Hello, this is Gabriel Oleko. I hope you are well today. Thank you for taking this time to meditate together with me on our verse of the day which is found in James 1.2-3 where it is written: "My brothers, consider for complete joy the various trials to which you may be exposed, knowing that the Testing your faith produces patience. »
Can we really admit that trials carry within them the seeds of benevolence? At first glance, hardship goes against well-being. I don't know anyone who likes hardships unless they're sick or differently constituted.
Our text today poses the problem of the management of the test and the apostle James clearly affirms that the tests do not have to be seen only with a negative eye. They have a good side. But which one? This is the subject of our meditation today.
But before going any further, I would like to openly remind you that no one is immune to the storms of life. It is said that one day: “A pastor was absent from his town for a week. During his absence, a tornado had swept through the small town. A man from his church met him at the entrance to the city. The man said to him, “Please pastor, pray for me, this tornado destroyed my house. All I have left are the clothes on my back. The pastor took advantage of the tragedy to speak certain truths to this man.
The pastor said to him, “That doesn't surprise me! Because of the sin of disobedience in your life, I am not surprised that your house was destroyed. I believe God punished you. I hope you will take this as a warning from God! The man replied, "Certainly a pastor." And by the way, I also wanted to tell you that your house was destroyed too! »
Every day we encounter situations that challenge us to exercise our faith. Whether it is illness, adversity, lack, the various struggles of life, these are all situations and realities that test our faith. But in our text today, the apostle James talks about the persecutions that Christians may encounter in their lives.
Moreover, the apostle Peter also speaks of it in his first epistle where he exhorts the children of God to live triumphantly in this world where there are persecutions. For someone listening to me from a peaceful country where you can go out and come back freely, the word persecution means absolutely nothing to him. And yet, persecutions exist in various forms, even in these so-called democratic or free countries.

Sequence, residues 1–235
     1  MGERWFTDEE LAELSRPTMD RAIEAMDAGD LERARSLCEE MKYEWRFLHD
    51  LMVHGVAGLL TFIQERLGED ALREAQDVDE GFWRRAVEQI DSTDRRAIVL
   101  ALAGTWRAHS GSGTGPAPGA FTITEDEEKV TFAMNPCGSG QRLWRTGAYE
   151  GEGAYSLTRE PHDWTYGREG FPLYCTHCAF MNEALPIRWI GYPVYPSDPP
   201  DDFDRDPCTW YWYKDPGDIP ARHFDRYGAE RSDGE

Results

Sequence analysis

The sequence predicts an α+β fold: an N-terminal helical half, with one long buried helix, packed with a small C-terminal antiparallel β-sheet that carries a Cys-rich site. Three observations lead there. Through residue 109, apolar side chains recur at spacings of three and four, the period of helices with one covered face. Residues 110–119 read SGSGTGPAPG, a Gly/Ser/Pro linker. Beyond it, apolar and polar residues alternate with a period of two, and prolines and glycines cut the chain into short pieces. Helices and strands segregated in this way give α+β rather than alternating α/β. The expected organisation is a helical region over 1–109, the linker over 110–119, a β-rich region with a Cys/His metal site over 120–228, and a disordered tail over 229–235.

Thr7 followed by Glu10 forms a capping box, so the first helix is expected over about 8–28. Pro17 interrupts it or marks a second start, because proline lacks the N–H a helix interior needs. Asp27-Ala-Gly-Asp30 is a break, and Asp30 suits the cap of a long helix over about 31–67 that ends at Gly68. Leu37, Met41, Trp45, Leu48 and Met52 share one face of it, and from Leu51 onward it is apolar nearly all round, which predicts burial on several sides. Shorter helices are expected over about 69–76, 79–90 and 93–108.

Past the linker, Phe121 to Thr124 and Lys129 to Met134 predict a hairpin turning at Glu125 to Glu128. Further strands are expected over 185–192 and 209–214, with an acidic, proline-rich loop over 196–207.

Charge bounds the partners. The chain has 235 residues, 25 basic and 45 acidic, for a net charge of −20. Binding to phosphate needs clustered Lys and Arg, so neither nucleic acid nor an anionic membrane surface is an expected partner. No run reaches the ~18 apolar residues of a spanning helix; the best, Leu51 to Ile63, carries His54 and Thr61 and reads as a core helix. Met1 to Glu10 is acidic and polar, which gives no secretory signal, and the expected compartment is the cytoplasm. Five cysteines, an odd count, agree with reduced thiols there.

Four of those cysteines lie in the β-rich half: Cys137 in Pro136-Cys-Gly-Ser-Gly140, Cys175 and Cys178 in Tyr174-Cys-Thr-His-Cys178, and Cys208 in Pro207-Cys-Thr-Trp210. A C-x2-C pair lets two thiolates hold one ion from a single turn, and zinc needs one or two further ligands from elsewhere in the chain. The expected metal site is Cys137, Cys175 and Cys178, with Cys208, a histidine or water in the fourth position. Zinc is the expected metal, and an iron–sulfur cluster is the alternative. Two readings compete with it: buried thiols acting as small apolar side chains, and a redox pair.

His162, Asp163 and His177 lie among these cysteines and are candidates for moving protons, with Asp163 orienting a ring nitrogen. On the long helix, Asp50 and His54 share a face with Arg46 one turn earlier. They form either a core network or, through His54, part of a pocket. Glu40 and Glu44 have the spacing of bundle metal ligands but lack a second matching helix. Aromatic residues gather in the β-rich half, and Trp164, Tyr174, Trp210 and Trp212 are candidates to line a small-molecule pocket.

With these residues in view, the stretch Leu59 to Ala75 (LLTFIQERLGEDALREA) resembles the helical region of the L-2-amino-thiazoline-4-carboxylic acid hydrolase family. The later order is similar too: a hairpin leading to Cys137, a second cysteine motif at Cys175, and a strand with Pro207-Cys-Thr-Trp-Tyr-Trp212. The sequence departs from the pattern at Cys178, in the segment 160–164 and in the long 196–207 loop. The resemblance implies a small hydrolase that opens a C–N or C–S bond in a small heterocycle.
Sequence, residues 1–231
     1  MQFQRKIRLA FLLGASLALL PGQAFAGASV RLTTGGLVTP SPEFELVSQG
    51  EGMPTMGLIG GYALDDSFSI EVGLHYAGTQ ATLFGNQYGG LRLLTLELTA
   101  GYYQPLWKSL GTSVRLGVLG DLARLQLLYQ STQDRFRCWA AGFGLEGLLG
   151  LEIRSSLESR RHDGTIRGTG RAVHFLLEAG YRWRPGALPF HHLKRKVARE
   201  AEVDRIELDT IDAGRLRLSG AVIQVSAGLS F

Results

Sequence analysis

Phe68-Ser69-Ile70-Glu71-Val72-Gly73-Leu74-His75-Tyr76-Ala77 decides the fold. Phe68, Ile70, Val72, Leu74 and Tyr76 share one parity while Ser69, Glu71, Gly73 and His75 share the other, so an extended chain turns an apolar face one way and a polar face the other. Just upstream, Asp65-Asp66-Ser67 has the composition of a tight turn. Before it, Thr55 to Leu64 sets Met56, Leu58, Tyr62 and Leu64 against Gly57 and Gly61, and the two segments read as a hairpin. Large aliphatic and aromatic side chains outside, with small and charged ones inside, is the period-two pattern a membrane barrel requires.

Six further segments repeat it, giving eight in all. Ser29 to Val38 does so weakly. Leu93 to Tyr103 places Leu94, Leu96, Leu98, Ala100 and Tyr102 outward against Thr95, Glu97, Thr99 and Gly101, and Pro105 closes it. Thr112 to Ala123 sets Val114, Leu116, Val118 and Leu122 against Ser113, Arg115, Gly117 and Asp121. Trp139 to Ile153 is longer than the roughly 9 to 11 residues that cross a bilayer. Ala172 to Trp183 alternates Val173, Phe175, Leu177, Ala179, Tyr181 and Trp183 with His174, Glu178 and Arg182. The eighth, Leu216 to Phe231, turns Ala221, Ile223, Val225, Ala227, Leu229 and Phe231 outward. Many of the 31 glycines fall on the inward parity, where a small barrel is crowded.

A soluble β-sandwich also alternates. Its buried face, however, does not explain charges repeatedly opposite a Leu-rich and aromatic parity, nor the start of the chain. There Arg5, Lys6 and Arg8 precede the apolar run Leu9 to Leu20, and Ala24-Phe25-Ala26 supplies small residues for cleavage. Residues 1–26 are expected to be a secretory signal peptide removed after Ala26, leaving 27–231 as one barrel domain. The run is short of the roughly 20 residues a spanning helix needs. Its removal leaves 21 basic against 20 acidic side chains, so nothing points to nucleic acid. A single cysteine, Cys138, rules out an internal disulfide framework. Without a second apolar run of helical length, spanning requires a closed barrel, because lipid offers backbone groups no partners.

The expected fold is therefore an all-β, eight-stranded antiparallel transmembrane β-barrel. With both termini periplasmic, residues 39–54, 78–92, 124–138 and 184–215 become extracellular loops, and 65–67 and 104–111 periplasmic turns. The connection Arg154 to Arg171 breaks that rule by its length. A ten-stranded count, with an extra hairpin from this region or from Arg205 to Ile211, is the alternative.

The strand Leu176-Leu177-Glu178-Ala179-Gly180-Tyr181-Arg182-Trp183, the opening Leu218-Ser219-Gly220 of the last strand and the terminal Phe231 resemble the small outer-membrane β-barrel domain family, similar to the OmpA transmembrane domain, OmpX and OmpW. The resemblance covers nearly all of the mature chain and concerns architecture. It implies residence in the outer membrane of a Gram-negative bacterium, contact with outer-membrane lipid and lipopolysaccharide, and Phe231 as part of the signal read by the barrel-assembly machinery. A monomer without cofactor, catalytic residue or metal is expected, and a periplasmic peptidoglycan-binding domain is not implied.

Living your faith in a world that rejects God is not always easy. But here are a few words I would like to share with you to encourage you to fight the good fight of faith.
First, I invite you to never forget that trials are necessary to solidify your faith. This is why the apostle emphasizes that you should look upon your trials as a matter of joy because they are temporary compared to the final crown which the righteous will receive in the day of the Lord.
Second, trials give you the opportunity to love God and put your faith in what is unseen. With their eyes fixed on the unseen, the elders in the faith stood firm in choosing the path of God.
Third, we Christians are the people of a rejected Messiah. So whenever we face rejection, persecution, suffering, there is nothing new, our Lord has known the same path. In addition, he promised that this would happen to us: “I have told you these things, that you may have peace in me. You will have tribulations in the world; but take courage, I have overcome the world” (John 16.33:XNUMX).
If there is a central idea here it is: trials are not contrary to faith. As a final word, I will end with this quotation from Professor Samuel Bénétreau who said: "Faith cannot be a definitive seizure of possession, but this unceasingly renewed adhesion, this unceasingly confirmed choice in favor of God, where the we abandon these human supports whose fragility the authors of the New Testament denounce. »
Whatever is currently happening in your life, the Word of the Lord invites you to be patient.
Have a nice day and God bless you.